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Shirin Hassan; Do Pedestrians Make Safe Street-Crossing Decisions?. Invest. Ophthalmol. Vis. Sci. 2013;54(15):5042.
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The aim of this study was to determine whether the street-crossing decisions of subjects with Age-related Macular Degeneration (AMD) are as safe as those made by young and older subjects with normal vision.
Street-crossing decisions and crossing times in 12 AMD subjects, 20 young and 20 older control subjects with normal vision were measured along an unsignalized street for nine different gap time categories. Using their habitual vision and hearing, subjects observed an approaching vehicle for two seconds. At the end of the two second period, subjects were required to make a crossing decision of whether or not they thought it was safe to cross the street. Subjects’ crossing decisions were then objectively classified as being “safe” when the measured gap time was longer than the subject’s street-crossing time. The converse was true for objectively classifying crossing decisions as being “unsafe”. The proportion of safe crossing decisions (ie. subjects reporting it was safe to cross for objectively safe gap times) and unsafe crossing decisions (ie. subjects reporting it was safe to cross for objectively unsafe gap times) was determined for each subject group and gap time category. A hierarchical logistic regression, with repeated measures for subject, was used to determine if the proportion of safe and unsafe decisions changed as a function of subject group and gap time category.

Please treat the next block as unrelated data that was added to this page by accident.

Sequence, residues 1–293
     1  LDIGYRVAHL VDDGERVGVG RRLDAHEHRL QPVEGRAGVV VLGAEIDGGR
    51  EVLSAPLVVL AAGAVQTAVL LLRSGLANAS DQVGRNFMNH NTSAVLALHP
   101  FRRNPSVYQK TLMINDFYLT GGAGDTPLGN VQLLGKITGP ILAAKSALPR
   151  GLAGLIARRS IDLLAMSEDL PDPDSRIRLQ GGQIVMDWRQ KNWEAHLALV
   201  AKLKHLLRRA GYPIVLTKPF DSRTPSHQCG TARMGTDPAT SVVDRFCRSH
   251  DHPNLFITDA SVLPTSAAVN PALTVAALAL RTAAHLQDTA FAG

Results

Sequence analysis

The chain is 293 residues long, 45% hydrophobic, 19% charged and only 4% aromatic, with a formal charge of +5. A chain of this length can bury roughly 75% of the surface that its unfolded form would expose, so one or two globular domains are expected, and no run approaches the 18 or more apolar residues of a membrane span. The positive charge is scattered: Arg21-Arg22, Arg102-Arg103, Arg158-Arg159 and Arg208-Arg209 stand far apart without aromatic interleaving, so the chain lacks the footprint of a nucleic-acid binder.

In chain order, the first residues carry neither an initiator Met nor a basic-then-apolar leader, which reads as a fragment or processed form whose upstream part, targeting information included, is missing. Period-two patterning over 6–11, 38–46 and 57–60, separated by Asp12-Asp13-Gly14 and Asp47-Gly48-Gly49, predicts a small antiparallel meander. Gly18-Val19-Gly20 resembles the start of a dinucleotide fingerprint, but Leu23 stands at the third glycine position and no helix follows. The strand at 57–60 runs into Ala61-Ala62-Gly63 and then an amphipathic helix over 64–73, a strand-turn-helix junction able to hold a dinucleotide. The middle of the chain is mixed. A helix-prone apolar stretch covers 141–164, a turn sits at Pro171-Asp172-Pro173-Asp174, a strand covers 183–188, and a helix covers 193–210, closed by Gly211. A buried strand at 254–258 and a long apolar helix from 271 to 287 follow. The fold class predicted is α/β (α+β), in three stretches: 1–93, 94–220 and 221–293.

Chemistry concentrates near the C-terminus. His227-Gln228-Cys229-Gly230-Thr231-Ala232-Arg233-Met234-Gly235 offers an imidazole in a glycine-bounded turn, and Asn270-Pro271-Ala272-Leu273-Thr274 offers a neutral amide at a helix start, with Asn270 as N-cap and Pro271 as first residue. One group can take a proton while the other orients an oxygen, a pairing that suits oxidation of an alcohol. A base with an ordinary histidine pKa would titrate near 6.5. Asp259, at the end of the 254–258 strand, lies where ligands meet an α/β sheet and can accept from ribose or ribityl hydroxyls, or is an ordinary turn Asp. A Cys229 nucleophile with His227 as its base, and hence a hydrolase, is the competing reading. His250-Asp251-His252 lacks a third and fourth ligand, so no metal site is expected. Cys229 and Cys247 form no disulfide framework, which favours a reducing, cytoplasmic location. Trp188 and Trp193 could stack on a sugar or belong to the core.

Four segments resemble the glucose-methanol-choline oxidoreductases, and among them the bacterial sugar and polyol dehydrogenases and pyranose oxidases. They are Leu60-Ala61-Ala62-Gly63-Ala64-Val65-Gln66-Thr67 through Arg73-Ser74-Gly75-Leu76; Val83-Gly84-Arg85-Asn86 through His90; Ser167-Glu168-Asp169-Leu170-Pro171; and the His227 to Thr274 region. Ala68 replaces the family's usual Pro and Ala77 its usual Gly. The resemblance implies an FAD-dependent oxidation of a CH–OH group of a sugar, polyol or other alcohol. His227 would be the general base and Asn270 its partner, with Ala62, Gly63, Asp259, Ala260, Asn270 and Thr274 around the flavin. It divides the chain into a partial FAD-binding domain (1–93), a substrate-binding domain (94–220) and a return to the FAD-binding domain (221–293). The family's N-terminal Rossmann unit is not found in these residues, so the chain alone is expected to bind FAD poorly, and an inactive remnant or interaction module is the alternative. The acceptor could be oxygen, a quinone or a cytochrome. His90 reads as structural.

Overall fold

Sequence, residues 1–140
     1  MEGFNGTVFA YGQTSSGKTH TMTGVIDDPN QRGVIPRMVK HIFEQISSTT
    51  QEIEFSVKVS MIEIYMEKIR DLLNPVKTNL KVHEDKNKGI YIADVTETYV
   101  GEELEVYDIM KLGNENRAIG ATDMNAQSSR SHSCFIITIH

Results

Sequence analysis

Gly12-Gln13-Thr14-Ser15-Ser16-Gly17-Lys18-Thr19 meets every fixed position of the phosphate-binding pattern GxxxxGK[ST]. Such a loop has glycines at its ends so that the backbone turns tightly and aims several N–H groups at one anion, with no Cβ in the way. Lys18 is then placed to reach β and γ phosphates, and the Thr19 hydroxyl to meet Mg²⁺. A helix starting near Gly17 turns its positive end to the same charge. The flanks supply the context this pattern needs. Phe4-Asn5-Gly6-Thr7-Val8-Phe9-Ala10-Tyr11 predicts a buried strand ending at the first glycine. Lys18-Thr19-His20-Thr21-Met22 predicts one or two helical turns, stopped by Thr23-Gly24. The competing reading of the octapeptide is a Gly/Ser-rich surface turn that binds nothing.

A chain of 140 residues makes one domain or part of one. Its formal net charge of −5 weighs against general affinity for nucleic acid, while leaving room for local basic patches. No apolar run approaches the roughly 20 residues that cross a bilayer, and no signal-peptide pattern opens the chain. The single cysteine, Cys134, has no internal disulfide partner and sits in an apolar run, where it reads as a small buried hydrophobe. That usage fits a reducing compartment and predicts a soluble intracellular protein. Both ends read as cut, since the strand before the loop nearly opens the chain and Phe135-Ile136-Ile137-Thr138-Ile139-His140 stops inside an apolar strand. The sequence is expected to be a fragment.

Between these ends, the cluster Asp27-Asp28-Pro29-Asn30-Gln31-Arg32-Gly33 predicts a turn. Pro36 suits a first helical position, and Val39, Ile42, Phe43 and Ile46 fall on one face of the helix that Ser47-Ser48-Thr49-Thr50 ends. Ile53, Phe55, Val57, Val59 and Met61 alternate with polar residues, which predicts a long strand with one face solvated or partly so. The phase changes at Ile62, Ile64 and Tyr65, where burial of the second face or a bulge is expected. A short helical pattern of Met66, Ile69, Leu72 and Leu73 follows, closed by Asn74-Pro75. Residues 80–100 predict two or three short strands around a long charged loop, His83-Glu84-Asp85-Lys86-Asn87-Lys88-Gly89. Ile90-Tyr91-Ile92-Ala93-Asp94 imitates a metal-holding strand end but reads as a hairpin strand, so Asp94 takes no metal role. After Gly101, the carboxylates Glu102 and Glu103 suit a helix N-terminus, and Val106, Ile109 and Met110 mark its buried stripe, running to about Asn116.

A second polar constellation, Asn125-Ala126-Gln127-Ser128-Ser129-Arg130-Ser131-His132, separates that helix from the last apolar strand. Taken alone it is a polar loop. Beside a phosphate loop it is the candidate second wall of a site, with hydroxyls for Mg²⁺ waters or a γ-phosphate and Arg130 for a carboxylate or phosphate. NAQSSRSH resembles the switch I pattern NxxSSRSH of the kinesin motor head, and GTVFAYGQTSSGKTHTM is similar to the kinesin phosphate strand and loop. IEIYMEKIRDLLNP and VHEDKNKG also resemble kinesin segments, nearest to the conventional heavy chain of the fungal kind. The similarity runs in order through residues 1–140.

We observed that the older normally-sighted subjects made more unsafe crossing decisions compared to the AMD subjects for gap times that were between four and one second shorter than the time they needed to cross the street. However, the differences between these two groups were only marginally significant (p=0.06, p=0.05, p=0.04 and p=0.05 for gap times that were four, three, two and one second shorter than subjects’ crossing times, respectively). No significant difference in the proportion of unsafe decisions were found between the young and older normally-sighted subjects (p>0.05) and between the young normally-sighted and AMD subjects (p>0.05). No significant differences in the proportion of safe crossing decisions were also found between the different subject groups for gap times that were longer than subjects’ crossing times (p>0.05).
Our data suggests that older pedestrians with normal vision have a tendency to adopt a more risky crossing strategy than either the young normally-sighted or AMD pedestrians.
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